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Sunny, Frozen, Southern California

This is a discussion on Sunny, Frozen, Southern California within the Orchid Ailments / The Compost Pile forums, part of the Orchid Culture category; I hate losing my plants, but it's nothing compared to the misery suffered by those ...

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  1. #61
    Diane's Avatar
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    I hate losing my plants, but it's nothing compared to the misery suffered by those with really bad weather. I hope all mends soon. I've lived without power before and it's miserable!

  2. #62
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    Default Sorry :(

    Sorry to hear about your Cyms, Diane. They only plant I had outside did freeze on me (a rather large Rosemarinus officianarum)..it'll probably come back..

  3. #63
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    I feel for you folks suffering with the unusual weather. I really do. I HATE COLD!!! An NBC report is blaming el Nino for your trials. So this is weather and not climate. And as bad as this is, if el Nino doesn't subside, the drought that should hit the southern tier of states east of Texas this summer will be horrible. I wonder if global warming will cause this to happen more often?

  4. #64
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    Quote Originally Posted by Mark V View Post
    So this is weather and not climate. And as bad as this is, if el Nino doesn't subside, the drought that should hit the southern tier of states east of Texas this summer will be horrible. I wonder if global warming will cause this to happen more often?
    Ah, but El Nino years make for a milder Atlantic hurricane season. Six of one, half a dozen of the other. But many climatologists speculate that global warming will probably increase hurricane intensity (not necesarily number). So what can one hopes for depends on where you live, I guess.

  5. #65
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    But what we humans tend to forget is that 'Global Warming' is part of the earths natural cycle. Of course, the earths cycle is measured in 1000's of years... In another 10,000 years we'll be in the middle of another ice age..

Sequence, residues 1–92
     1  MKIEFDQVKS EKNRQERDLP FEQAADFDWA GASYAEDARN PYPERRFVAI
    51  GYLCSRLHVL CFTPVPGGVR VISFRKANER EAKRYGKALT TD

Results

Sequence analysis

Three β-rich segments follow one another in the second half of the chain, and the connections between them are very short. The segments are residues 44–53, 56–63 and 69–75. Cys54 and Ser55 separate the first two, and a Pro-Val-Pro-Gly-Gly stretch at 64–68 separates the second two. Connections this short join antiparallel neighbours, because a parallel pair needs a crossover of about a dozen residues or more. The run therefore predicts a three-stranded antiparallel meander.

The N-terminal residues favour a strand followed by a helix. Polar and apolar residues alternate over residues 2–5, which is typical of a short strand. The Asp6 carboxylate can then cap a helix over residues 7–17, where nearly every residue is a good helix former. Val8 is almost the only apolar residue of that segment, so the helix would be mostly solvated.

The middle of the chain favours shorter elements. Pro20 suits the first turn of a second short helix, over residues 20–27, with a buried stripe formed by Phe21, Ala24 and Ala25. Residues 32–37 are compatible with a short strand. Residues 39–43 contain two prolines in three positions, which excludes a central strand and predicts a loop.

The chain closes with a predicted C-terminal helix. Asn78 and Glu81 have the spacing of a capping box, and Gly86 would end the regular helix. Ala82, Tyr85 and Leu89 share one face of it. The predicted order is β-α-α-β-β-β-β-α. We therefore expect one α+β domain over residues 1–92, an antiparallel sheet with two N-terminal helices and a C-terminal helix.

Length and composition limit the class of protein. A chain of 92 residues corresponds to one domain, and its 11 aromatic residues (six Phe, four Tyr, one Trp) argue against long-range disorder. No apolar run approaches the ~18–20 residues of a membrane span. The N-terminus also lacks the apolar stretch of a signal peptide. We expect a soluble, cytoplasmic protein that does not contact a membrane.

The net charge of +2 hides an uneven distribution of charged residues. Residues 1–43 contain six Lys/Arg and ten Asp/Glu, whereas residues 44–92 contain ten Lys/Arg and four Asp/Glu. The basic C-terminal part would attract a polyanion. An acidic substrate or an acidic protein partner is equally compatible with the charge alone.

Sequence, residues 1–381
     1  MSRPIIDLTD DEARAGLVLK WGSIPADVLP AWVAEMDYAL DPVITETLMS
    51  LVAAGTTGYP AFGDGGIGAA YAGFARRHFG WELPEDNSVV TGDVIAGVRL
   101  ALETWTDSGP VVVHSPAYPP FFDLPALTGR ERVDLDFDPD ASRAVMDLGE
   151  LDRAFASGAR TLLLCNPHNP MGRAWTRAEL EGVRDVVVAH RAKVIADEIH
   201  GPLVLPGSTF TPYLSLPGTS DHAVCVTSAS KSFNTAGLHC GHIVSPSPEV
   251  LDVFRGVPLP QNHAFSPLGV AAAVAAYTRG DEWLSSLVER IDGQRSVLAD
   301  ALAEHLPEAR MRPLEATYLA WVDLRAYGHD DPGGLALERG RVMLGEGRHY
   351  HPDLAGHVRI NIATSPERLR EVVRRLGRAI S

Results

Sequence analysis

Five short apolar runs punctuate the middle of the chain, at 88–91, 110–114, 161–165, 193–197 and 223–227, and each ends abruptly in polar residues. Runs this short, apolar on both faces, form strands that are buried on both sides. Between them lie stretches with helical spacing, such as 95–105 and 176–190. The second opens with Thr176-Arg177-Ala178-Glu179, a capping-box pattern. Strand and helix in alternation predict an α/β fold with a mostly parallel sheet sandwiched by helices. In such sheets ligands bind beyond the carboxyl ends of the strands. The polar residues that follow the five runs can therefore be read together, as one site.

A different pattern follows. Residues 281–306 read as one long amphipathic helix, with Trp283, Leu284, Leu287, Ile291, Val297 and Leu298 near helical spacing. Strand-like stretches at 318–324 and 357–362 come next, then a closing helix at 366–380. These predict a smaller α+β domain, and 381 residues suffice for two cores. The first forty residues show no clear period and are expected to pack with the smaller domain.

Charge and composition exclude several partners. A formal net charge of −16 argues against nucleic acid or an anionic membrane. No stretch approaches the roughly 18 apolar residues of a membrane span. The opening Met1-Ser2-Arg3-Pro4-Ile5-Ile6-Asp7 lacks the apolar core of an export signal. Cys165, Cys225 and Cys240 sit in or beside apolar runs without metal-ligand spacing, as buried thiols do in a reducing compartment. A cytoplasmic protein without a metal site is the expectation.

6. #66
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    Glad I won't be around THEN! I hate being cold (hence the FL address). Had a fire going night before last. It got down to 35. Brrrrr.

  7. #67
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    Quote Originally Posted by Diane View Post
    But what we humans tend to forget is that 'Global Warming' is part of the earths natural cycle. Of course, the earths cycle is measured in 1000's of years... In another 10,000 years we'll be in the middle of another ice age..
    I don't claim any, repeat any expertise on global climate shifts. I am just a news paper, Science, Discover, National Geographic and etc. channel junkie. The folks (dendrochronologists, geologists, climatologists and the true weirdos who like to crawl around the North and South poles studying ice layers) who have spent a life time studying climate shift seem to be unanimous that the present warming trend is unprecedented in its speed. The pace of the change is the problem. It would be a shame if a third of the Netherlands, a quarter of Florida, a bunch of Bangladesh and all of the Maldives were to slip beneath the waves in little more than a life time.

  8. #68
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    Quote Originally Posted by Mark V View Post
    I don't claim any, repeat any expertise on global climate shifts. I am just a news paper, Science, Discover, National Geographic and etc. channel junkie. The folks (dendrochronologists, geologists, climatologists and the true weirdos who like to crawl around the North and South poles studying ice layers) who have spent a life time studying climate shift seem to be unanimous that the present warming trend is unprecedented in its speed. The pace of the change is the problem. It would be a shame if a third of the Netherlands, a quarter of Florida, a bunch of Bangladesh and all of the Maldives were to slip beneath the waves in little more than a life time.